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Eternal EphemeraAdaptation and the Origin of Species from the Nineteenth Century Through Punctuated Equilibria and Beyond$
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Niles Eldredge

Print publication date: 2015

Print ISBN-13: 9780231153164

Published to Columbia Scholarship Online: November 2015

DOI: 10.7312/columbia/9780231153164.001.0001

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Speciation and Adaptation

Speciation and Adaptation

Large-Scale Patterns in the Evolution of Life, 1972–

Chapter:
(p.277) 6 Speciation and Adaptation
Source:
Eternal Ephemera
Author(s):

Niles Eldredge

Publisher:
Columbia University Press
DOI:10.7312/columbia/9780231153164.003.0007

This chapter deals with the efforts to reinvent the concepts focusing on the origin of discrete species, which implies that these concepts must be essentially right. The 1970s and 1980s witnessed the period of “macroevolution”—referring to the rise of theoretical analyses of the nature of species and their supposed roles in an expanded evolutionary theory. Giambattista Brocchi's perception of species as parallel to individuals prompted the discourse in modern evolutionary biology; if species are discrete entities, they themselves can be seen as playing their own roles in evolutionary history. There is a possibility that speciation may be a factor in generating adaptive change—instead of assuming that adaptive change causes speciation, modern biologists speculate that it is the process of speciation that prompts adaptive change. The chapter presents how paleontology had as many real contributions to evolutionary theory as biology does.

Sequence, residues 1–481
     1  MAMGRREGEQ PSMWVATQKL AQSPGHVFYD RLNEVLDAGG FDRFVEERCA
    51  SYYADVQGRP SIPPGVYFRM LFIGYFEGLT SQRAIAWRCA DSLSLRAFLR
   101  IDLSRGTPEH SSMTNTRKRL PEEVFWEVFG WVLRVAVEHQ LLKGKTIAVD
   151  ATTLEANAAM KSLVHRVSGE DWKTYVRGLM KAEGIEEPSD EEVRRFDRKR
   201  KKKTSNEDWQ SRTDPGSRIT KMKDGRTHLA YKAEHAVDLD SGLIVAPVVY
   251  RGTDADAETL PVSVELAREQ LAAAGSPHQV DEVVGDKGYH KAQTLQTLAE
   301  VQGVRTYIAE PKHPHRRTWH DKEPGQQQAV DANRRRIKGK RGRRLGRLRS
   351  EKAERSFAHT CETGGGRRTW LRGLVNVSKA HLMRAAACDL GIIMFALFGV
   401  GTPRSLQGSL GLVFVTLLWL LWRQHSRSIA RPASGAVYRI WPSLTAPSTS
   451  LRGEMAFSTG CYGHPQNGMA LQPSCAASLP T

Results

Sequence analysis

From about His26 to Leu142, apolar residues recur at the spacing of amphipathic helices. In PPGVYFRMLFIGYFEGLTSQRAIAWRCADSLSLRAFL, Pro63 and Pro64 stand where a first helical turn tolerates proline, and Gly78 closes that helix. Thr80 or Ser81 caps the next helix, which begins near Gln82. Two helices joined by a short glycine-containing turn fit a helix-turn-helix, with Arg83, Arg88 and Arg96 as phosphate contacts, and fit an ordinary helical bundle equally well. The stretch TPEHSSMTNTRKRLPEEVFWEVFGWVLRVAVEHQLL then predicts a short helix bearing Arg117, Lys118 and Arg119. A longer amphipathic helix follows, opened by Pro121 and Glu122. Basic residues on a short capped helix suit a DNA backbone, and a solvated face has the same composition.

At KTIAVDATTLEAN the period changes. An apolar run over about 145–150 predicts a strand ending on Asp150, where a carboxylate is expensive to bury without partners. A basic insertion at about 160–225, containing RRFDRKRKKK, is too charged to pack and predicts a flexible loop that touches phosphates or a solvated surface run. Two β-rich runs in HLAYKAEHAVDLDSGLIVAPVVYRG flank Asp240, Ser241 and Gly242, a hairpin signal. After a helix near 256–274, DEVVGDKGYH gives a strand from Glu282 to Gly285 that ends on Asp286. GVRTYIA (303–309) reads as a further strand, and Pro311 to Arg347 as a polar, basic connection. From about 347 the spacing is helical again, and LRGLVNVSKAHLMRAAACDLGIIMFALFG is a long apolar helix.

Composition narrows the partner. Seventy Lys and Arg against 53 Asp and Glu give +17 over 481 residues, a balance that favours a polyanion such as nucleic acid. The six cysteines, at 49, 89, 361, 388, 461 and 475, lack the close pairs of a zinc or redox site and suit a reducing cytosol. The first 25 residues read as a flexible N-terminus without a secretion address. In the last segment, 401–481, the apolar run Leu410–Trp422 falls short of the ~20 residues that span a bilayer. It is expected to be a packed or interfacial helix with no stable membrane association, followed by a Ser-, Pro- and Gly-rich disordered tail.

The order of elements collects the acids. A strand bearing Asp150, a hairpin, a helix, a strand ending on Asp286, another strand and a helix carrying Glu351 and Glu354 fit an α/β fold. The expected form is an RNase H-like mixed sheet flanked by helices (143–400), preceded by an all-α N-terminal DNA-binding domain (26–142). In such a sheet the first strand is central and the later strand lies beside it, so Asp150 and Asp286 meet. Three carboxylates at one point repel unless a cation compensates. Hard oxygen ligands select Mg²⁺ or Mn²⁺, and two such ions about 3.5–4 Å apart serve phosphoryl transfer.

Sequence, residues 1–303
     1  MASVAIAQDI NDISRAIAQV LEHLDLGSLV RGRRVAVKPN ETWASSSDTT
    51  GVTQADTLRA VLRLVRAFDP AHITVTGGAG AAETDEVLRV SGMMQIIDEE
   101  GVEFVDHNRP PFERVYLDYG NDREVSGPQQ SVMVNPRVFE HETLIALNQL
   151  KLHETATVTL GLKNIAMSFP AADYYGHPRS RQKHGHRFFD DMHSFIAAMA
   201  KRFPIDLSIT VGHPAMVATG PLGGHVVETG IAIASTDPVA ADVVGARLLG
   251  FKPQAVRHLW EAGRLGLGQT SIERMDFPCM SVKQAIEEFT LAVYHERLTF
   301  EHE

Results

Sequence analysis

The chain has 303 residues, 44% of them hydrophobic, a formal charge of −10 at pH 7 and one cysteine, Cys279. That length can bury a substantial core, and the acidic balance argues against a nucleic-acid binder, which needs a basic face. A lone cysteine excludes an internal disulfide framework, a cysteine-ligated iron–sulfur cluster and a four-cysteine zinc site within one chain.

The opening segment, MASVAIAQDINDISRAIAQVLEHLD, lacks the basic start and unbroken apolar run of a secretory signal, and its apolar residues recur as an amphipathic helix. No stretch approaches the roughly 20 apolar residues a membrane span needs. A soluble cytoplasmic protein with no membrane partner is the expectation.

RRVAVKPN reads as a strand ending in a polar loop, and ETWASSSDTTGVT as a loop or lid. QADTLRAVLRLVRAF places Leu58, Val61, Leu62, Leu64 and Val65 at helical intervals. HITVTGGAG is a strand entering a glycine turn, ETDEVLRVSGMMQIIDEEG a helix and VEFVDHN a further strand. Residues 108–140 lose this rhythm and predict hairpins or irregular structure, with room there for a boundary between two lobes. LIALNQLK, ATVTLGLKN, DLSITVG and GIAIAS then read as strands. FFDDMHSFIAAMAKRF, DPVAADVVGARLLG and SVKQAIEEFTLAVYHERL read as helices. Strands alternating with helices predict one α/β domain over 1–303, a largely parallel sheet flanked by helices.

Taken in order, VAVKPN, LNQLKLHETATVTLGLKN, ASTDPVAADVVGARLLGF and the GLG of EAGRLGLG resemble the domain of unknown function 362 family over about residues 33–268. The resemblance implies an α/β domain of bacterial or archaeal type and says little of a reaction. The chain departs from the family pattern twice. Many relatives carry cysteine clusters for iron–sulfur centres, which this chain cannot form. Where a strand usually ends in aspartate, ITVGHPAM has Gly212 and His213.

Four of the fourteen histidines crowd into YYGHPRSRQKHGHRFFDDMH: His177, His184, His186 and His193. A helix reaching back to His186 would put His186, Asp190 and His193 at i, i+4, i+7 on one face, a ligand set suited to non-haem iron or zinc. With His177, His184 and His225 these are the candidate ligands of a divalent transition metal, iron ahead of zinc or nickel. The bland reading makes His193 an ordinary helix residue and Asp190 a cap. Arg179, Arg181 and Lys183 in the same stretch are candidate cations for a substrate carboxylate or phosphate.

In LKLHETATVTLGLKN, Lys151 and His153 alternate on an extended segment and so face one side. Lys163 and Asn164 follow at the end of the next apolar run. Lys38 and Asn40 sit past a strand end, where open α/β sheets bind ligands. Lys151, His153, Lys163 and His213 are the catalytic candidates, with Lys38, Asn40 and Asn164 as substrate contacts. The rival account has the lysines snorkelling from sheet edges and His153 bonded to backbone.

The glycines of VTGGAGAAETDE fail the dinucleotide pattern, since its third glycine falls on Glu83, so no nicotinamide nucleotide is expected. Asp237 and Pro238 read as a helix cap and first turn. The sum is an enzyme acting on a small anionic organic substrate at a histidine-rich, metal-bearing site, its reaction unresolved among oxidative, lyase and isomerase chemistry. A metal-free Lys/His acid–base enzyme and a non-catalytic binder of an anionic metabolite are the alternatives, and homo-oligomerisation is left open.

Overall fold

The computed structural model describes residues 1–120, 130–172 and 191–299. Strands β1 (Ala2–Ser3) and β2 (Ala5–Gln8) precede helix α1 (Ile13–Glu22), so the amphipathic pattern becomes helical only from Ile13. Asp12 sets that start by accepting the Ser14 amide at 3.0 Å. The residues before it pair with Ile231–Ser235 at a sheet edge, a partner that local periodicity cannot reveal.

Keywords:   macroevolution, Giambattista Brocchi, species as individuals, modern evolutionary biology, speciation, adaptive change, paleontology

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